UPS (NYSE:UPS) has placed an order for 10,000 electric delivery vehicles from U.K.-based electric vehicle manufacturer Arrival (NASDAQ:ARVL). DHL (OTCMKTS:DPSGY) says zero-emission vehicles currently comprise a fifth of its fleet, with more expected. And FedEx (NYSE:FDX) pledged to replace 100% of its pickup and delivery fleet with battery-powered vehicles by 2030.
These are among the key reasons why EV stocks are frequently in the spotlight today. But there’s more to the story behind the opportunity in EVs.
Electric Vehicles: Market Size and Catalysts
On a global basis, only 1 in 250 cars on the road is electric, which means electric vehicles account for only 2.2% of the global vehicle market share. That said, the industry is experiencing rapid growth. The global EV market is expected to reach $917.70 billion in 2028, growing at a CAGR of 20.6% over the forecast period. Electric cars are expected to account for at least 10% of global auto sales by 2025.
Several positive secular forces are contributing to this rapid growth. Most importantly, increasing environmental concerns have paved the way for more supportive government policies and regulations. Governments around the world are focusing on electrification of commercial vehicles to reduce greenhouse gas emissions.
Rapid technological advancements are also bringing down the cost of batteries, with various battery producers specializing in new charging techniques to increase performance and efficiency.
China has the largest fleet of electric vehicles. As of December 2020, China had the largest number of highway legal plug-in passenger cars with about 4.6 million units, or 42% of the global fleet in use. In Asia, rising disposable income, increasing air pollution rates, and technological advancements in charging infrastructure are driving demand for EVs.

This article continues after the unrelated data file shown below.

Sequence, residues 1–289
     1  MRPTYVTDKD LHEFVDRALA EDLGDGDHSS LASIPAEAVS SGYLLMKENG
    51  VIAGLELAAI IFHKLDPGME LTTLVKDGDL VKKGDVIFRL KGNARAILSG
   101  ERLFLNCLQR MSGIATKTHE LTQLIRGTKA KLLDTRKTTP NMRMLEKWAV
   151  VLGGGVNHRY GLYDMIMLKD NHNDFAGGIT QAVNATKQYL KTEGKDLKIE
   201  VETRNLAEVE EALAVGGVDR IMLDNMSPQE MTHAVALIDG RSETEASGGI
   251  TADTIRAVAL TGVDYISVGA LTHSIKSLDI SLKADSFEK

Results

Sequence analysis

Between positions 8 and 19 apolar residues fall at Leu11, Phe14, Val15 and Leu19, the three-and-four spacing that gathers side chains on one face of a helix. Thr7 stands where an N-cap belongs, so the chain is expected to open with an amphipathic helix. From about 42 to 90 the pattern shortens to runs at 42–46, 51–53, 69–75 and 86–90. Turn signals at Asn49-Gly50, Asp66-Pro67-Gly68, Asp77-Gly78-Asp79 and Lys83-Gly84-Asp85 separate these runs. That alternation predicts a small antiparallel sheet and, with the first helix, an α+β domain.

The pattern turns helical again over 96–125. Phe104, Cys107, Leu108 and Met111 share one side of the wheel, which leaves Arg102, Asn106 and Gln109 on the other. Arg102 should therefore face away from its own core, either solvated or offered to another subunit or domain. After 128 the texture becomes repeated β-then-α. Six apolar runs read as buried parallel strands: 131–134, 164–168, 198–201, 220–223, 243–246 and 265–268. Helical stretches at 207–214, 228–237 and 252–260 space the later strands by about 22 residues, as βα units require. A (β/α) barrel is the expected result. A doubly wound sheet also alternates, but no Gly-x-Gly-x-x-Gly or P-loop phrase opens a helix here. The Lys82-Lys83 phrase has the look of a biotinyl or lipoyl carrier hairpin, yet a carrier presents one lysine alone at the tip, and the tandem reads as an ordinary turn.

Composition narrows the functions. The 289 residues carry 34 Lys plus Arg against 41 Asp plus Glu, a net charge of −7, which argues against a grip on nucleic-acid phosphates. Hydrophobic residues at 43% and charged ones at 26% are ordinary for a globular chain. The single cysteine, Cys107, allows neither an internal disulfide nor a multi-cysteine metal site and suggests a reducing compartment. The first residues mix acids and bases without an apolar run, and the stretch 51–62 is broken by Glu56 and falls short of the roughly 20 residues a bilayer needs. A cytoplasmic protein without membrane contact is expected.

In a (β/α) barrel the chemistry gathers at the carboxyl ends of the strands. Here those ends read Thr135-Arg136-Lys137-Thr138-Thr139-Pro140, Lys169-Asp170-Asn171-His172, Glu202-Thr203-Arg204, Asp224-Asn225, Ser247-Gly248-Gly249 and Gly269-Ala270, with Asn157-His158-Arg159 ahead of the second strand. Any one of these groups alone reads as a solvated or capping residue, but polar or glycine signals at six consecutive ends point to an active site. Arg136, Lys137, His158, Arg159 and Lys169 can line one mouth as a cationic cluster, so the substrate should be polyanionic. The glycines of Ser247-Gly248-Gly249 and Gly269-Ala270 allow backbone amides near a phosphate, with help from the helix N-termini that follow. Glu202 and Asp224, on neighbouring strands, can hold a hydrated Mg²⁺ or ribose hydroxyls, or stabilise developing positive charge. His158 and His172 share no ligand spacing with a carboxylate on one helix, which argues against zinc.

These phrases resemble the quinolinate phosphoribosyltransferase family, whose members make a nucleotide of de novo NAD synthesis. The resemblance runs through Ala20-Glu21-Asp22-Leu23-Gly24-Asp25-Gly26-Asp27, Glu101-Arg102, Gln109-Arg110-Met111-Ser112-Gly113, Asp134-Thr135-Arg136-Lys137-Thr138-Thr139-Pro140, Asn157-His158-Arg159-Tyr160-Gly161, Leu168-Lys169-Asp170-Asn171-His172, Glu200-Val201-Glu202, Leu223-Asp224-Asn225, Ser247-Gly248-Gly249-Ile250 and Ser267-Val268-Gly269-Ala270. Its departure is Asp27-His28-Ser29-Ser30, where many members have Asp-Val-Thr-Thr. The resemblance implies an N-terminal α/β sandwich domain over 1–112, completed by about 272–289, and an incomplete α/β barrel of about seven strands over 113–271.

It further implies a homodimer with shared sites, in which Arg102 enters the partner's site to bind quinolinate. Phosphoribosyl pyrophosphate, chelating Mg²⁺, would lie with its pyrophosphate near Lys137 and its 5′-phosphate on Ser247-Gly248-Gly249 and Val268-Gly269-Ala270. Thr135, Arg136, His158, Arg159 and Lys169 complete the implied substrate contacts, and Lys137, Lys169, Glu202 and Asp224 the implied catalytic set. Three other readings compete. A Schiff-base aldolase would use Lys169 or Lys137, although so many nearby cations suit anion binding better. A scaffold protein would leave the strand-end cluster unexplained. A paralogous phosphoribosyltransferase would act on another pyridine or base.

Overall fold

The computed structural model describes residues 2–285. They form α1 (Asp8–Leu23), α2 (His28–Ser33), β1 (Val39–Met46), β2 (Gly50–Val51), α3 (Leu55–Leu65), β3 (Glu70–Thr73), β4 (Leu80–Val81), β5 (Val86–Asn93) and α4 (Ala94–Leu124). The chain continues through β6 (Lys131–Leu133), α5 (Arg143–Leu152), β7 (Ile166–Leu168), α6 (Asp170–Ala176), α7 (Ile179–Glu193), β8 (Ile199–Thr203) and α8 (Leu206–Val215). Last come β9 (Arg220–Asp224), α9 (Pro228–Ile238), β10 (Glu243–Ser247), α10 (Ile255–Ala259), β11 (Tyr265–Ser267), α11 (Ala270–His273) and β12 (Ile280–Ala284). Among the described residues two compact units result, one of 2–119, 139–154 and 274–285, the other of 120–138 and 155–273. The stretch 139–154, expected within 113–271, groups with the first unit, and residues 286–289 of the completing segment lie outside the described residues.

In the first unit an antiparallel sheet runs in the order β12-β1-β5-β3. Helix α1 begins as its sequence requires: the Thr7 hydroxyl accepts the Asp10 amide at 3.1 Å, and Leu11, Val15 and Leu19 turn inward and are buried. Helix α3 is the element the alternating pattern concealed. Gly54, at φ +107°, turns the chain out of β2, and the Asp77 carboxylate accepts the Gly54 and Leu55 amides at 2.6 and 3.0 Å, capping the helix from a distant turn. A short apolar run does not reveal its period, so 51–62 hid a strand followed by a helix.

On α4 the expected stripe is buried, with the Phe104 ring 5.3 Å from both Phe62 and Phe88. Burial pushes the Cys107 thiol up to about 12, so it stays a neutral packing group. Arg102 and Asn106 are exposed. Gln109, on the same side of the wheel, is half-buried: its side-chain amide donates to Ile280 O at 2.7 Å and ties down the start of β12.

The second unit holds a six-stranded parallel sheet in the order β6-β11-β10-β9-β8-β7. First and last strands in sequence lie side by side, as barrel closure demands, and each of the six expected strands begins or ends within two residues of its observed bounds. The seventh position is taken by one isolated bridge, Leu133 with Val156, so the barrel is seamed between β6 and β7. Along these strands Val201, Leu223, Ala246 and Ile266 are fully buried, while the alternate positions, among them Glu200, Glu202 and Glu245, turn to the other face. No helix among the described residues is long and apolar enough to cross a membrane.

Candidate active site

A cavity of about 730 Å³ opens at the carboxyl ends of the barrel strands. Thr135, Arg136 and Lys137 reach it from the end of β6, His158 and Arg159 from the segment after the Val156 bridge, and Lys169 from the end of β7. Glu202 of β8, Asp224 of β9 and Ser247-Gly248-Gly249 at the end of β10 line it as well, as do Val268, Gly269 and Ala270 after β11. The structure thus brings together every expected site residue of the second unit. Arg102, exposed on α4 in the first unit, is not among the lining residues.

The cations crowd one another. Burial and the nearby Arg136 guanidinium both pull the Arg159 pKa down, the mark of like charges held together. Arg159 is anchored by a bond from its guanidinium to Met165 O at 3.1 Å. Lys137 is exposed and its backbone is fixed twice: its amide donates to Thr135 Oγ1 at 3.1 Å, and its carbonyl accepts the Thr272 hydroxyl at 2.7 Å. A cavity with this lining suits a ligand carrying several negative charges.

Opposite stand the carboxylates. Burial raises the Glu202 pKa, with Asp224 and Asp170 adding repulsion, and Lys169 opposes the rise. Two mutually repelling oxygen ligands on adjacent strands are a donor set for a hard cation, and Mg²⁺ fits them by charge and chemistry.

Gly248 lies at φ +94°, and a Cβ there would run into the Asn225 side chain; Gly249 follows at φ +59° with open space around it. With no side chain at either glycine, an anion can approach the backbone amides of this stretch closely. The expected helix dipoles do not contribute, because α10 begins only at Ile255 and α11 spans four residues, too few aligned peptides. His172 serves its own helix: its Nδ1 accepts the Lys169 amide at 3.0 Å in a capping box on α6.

Europe represents approximately 3.2 million electric vehicles, or about 31% of the market. It’s also the fastest growth market, with a 60% CAGR from 2016 to 2020, compared with increases of 36% in China.
In the U.S., just over 1.3 million vehicles on the road were battery electric vehicles at the end of December 2020– representing less than 1% of the country’s total vehicles. However, the numbers are increasing rapidly and many industry observers expect EVs to dominate the American car market within the next decade. California has the highest share of EVs of any U.S. state – owing to various rebates and other incentives.
Top EV Stocks to Consider Now
Here are the top stocks to watch in the electric vehicle space today.
Now that we’ve identified some of the key investment vehicles in the space, let’s take a look closer look at how each of these players fits into broader electric vehicle ecosystem.
Understanding the Electric Vehicle Value Chain
The EV industry is composed of global Original Equipment Manufacturers (OEMs), which include both traditional automakers and pure-play electric car manufacturers. The traditional automakers have been slow to electrification, but have begun to invest heavily in order to catch up to their pure-play electric-vehicle upstarts. Traditional automakers with electrification strategies include Ford (NSE:F) and General Motors (NSE:GM) as well as Nissan (OTCMKTS:NSANY), Honda (NYSE:HMC), Toyota (NYSE:TM) and Volkswagen (OTCMKTS:VLVLY).